Avoiding problems early on in your color separations will cascade down into gains at every step of the screen-printing process.FULL STORY
Screen Printing: Production
Specialty Printing for SuccessLearn the tools and techniques necessary for printing with specialty inks and boost your shop’s profits.
These are high-density gloss dots (Gellusion method) overprinted with a solid-color design as well as a three-color (pie-chart) design that, when viewed from different angles, shows the different color hues.
It’s an eye-opening experience to think about how much specialty inks have evolved over the years and how the advances or applications of fringe technologies have helped screen-printing industry veterans get where they are today.
The ’80s saw the popularity of a magical, water-based product called Puff Stuff, and what an effect it was. Now, there are multiple types of puff inks available.
Why should a printer invest in specialty printing? In a word: profits. Customers prefer shops that can give them new or unique prints. The more diversified your shop, the better poised you are to earn money.
How can your shop differentiate itself from others? There are so many choices today for specialty inks, but it doesn’t have to be overwhelming or complicated. Much can be added to a regular print with a tiny amount of bling, such as metallic gold, silver or even clear shimmer inks. Or how about getting creative with glow-in-the-dark ink, which now is available in multiple colors?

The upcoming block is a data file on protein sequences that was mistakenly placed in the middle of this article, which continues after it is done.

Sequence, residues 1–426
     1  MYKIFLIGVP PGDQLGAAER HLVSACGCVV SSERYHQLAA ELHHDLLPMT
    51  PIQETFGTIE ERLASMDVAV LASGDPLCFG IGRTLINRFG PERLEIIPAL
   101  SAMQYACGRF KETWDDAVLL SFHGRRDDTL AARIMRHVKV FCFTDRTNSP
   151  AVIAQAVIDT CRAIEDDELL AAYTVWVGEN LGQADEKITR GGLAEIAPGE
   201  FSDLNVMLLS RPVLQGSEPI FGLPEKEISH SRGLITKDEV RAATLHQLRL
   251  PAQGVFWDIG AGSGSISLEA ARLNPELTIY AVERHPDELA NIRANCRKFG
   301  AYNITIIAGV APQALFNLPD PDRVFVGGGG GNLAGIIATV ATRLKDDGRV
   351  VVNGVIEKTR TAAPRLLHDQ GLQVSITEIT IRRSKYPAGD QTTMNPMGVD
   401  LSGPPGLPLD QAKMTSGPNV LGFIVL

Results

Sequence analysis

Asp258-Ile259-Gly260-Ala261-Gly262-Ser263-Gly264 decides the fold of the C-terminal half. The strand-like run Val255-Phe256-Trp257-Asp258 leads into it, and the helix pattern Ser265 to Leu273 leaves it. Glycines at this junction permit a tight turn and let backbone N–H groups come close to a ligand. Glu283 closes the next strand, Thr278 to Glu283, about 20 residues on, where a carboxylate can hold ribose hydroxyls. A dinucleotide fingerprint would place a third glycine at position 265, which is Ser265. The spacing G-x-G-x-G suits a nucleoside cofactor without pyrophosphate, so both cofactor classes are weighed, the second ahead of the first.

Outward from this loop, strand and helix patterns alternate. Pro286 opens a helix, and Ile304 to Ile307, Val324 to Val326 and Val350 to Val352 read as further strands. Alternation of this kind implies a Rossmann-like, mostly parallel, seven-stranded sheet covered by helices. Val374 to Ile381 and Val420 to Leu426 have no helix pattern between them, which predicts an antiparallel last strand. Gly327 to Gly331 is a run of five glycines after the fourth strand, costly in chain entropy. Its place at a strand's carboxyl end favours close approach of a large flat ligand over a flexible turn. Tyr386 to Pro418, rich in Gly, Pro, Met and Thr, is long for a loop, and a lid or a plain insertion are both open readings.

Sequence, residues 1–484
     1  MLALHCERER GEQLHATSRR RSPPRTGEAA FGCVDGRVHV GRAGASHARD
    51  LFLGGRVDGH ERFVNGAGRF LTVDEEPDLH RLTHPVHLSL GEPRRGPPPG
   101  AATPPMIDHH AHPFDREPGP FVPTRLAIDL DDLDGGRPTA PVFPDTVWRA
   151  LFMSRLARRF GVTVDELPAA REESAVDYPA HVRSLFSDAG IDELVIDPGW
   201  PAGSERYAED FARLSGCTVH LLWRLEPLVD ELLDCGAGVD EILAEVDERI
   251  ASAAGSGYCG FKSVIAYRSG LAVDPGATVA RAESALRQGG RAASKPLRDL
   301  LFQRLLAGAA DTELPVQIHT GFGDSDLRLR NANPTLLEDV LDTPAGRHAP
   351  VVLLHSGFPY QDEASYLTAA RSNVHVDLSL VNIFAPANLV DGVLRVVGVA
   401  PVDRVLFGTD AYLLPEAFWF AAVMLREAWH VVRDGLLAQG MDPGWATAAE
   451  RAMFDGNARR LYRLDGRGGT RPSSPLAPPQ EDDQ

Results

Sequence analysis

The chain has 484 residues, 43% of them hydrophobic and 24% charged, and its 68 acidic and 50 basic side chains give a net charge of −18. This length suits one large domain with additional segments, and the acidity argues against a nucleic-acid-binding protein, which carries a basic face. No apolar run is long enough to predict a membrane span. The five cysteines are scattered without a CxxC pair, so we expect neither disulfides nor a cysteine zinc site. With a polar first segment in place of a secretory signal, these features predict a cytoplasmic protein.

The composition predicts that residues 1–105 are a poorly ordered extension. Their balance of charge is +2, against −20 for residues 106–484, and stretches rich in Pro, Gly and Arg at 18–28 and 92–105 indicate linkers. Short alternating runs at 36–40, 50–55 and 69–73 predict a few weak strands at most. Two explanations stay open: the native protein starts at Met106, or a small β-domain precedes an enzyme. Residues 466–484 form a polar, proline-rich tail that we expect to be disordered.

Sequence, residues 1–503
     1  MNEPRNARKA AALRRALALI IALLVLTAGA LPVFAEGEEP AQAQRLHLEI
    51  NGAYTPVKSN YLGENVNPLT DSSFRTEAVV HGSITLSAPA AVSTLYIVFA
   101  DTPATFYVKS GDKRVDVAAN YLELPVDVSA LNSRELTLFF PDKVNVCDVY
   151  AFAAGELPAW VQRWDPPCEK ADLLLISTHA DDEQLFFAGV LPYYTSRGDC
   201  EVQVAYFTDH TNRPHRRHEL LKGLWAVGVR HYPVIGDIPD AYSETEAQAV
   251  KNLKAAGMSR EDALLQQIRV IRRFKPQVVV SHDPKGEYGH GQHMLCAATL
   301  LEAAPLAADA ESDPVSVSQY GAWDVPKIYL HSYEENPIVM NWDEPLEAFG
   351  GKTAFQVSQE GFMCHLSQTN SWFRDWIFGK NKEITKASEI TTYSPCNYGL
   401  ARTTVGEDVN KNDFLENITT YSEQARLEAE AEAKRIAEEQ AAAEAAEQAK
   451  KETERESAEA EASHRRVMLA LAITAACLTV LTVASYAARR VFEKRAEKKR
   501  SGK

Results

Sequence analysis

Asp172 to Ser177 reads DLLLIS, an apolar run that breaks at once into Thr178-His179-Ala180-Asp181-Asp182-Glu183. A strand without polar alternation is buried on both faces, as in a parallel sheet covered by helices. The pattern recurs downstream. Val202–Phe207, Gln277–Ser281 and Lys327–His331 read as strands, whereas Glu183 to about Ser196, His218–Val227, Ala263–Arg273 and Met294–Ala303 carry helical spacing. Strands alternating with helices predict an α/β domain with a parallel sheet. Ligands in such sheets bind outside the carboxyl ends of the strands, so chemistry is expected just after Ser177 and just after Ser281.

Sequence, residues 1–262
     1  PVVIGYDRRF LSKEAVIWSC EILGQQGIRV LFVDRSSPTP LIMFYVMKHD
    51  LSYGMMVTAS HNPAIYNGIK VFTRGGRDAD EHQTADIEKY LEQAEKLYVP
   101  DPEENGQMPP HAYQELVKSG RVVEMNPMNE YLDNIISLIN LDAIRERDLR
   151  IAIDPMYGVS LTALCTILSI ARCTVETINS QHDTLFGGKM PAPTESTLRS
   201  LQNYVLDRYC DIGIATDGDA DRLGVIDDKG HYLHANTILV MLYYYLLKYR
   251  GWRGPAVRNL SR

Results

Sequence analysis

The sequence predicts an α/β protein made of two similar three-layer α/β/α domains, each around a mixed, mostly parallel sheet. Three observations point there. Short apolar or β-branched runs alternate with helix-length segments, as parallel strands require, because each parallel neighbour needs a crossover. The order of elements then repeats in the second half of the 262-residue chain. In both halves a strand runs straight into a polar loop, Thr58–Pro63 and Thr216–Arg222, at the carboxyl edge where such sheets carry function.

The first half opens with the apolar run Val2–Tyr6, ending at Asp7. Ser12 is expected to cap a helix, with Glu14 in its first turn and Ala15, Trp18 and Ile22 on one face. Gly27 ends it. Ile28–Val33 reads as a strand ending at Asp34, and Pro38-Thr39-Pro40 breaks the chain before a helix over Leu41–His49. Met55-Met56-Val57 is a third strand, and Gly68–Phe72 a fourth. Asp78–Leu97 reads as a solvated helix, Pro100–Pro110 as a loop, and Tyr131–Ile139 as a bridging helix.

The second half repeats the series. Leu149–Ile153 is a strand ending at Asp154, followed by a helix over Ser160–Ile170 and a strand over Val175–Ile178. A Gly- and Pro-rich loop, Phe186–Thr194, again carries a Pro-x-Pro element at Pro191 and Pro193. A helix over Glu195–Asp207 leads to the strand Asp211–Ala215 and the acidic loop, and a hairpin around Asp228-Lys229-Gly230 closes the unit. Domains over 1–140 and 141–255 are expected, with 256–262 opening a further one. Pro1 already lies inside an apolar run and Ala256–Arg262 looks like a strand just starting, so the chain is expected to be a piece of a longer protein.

For those who want to delve a bit further, remember to have fun with specialty inks. Don’t be intimidated by the choices. Set aside time to play with the options and experiment with how they print and look.
The artistic aspect of our industry sets it apart from others. I got my start in high school, printing on a litho press, and it just seemed to be too aseptic and cut-and-dry. My vocational teacher, Mr. Jones, was cool and inspirational. He introduced me to screen printing, which seemed much more engaging. It was a process where I could use my imagination and — as I later learned — allowed me to express myself artistically.
Take the aforementioned puff ink. Today, there are several different types, including standard puff, suede puff and a newer type, BlowOut Base. The latter is similar to a “blister puff” — one that has a “skin” and is spongy rather than hard to the touch.
In addition, there now are all kinds of gel inks being used, such as a clear variety that simulates the clarity of looking through a glass window. Others can be tinted and made to resemble a neon bulb or stick of red licorice. Some gels are used as adhesives for caviar beads or other loose particles such as glitter flakes, and even as an on-press foil adhesive.
Did you know you can add a scent to ink that makes printed strawberries smell as if they were just picked? How about a chocolate bar that smells irresistible?